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The Hoya

Georgetown University’s Newspaper of Record since 1920

The Hoya

Georgetown University’s Newspaper of Record since 1920

The Hoya

Experts Discuss Conflict in Post-Arab Spring Yemen

Two experts discussed political and social conflict in Yemen and historical instability in the country in a Feb. 22 event.


The panel, hosted by the Center for Contemporary Arab Studies (CCAS) and the Middle Eastern Studies Association (MESA) Global Academy, focused on events in Yemen since the 2011 Arab Spring, a series of anti-government protests and uprisings in the Middle East, including the country’s ongoing civil war and the resulting humanitarian crisis. The event featured Mansour Al-Maswari, a journalist and postdoctoral fellow at Columbia Global Centers in Amman, Jordan, and Nadia Al-Sakkaf, a former Yemeni minister of information, Yemeni researcher, and non-profit founder.


Al-Sakkaf said the dire humanitarian crisis has opened the door for new leader groups, such as the Houthi militant group, to seize power, despite their lack of popularity and approval among the Yemeni population.


“Everything boils down to food, to people not having enough on the table. And so whenever a new leader comes and says ‘I will take care of you, follow me, I will do things the way that supports your livelihood,’ people will follow because we have a problem in leadership,” Al-Sakkaf said at the event. “And the problem today is that — the Houthis for example, they do not represent the leadership that Yemenis want, because there is so much oppression and there is so much nepotism.”


Al-Maswari acknowledged the complexity of the civil war and prior conflicts in Yemen and said a cycle of conflict and rising unhappiness with Ali Abdullah Saleh’s authoritarian regime led to the 2011 Arab Spring uprising. 


“This cycle of conflict in Yemen is a signal of the political instability of a failed state,” Al-Maswari said at the event. “The 2011 Arab Spring uprising became a must because of the growing principle during Saleh’s regime resembled authoritarianism, divine rule and family rule.”


Noureddine Jebnoun, a CCAS professor and the moderator of the event, said that the ongoing war in Yemen is largely fueled by the United States and other international players in the Middle East, noting that portrayals of the war as purely civil are inaccurate.


“It’s inappropriate, or irrelevant, to portray the war on Yemen since March 2015 as a civil war as it’s often framed by most of the Western mainstream media, while many scholars of Yemen refer to it as a US-sponsored war on Yemen, since every bomb dropped on Yemen from the Buster bombing bombs to the Cluster bombers are US-made,” Jebnoun said at the event. “I would argue none of the factions have been able to stand against the Saleh government without the support of regional powers.”

Two experts discussed political and social conflict in Yemen since the Arab Spring and the current state of the country in a Feb. 22 discussion. (Caleigh Keating/The Hoya)

Since the fall of the Saleh government in 2012, various factions have emerged to vie for power in Yemen, many of them backed by neighboring countries. The current, internationally recognized government is backed by a Saudi-led coalition, while the Houthi insurgents are backed by Iran. Saudi Arabia and the United Arab Emirates have been heavily involved in Yemen’s civil war as well, waging air bombing campaigns.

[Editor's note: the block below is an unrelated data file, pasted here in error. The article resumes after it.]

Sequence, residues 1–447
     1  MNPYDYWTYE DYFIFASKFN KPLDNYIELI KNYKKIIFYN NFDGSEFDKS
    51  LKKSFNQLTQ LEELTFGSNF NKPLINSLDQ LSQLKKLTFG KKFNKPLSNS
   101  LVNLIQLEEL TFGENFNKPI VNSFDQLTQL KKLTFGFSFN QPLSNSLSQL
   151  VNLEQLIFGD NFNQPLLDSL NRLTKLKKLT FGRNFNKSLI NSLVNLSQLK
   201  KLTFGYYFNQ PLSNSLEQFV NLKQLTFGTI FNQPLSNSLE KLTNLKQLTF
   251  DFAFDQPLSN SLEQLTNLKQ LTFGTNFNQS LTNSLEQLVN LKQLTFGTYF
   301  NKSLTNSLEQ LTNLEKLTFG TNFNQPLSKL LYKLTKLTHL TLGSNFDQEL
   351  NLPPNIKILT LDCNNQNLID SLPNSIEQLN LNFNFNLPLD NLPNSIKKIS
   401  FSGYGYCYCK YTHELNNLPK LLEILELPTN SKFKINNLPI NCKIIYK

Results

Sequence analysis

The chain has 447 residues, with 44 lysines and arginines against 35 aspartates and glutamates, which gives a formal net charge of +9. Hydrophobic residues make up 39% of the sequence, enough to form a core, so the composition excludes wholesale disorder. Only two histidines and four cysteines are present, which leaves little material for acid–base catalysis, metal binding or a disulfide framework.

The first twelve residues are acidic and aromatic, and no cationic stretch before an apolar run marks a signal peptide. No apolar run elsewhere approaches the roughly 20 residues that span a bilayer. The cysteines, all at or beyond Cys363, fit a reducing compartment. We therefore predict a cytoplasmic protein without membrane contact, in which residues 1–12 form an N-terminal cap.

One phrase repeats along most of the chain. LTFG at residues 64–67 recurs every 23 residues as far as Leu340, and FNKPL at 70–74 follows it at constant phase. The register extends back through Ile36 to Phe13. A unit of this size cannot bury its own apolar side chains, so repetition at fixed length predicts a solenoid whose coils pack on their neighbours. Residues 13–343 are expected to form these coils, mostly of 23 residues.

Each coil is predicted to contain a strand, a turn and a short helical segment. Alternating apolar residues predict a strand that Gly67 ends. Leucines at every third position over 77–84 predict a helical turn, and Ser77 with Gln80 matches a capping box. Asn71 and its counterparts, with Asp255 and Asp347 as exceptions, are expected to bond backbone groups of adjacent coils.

Al-Sakkaf said that even without the involvement of regional players in Yemen’s civil war, Yemenis still face many disagreements amongst themselves and obstacles to surmount in achieving peace in the country.


“There are so many grievances within the Yemeni texture, within the Yemeni society, that we need at least three decades to work out our problems that we created a lot on our own,” Al-Sakkaf said. “I feel we as Yemenis do not really love ourselves, we don’t love our country, there is a lack of patriotism, a lack of ownership, and I don’t know when a time will come when we put the weapons down and say, ‘We will not allow these international players to control us. We will refuse to be puppets or a proxy.’”


Al-Maswari described a bleak situation regarding the humanitarian crisis unfolding in Yemen, saying many Yemenis are living without basic necessities while the Houthi militants keep all available wealth for themselves.


“There are two contracting realities: absolute poverty among the ordinary people of Yemen, and, at the same time, very boundless wealth that the Houthis have accumulated in these areas,” Al-Maswari said. “This comes at the cost of our suffering. If you see the daily life in Yemen, it is unbearable. That’s something — you cannot beat it. You cannot imagine a country without public electricity for the past eight years. You cannot imagine a country without pure water to drink for the past eight years.”


Al-Sakkaf said she hopes one day Yemen will see a peaceful future, and that Yemenis scattered by the diaspora will return to the country to help build peace.


“A time will come maybe in the next 20 years, maybe tomorrow, that we will have Yemenis coming back together,” Al-Sakkaf said. “We are longing to go back to Yemen. And I think we will because we are building ourselves abroad while waiting for the right opportunity.”

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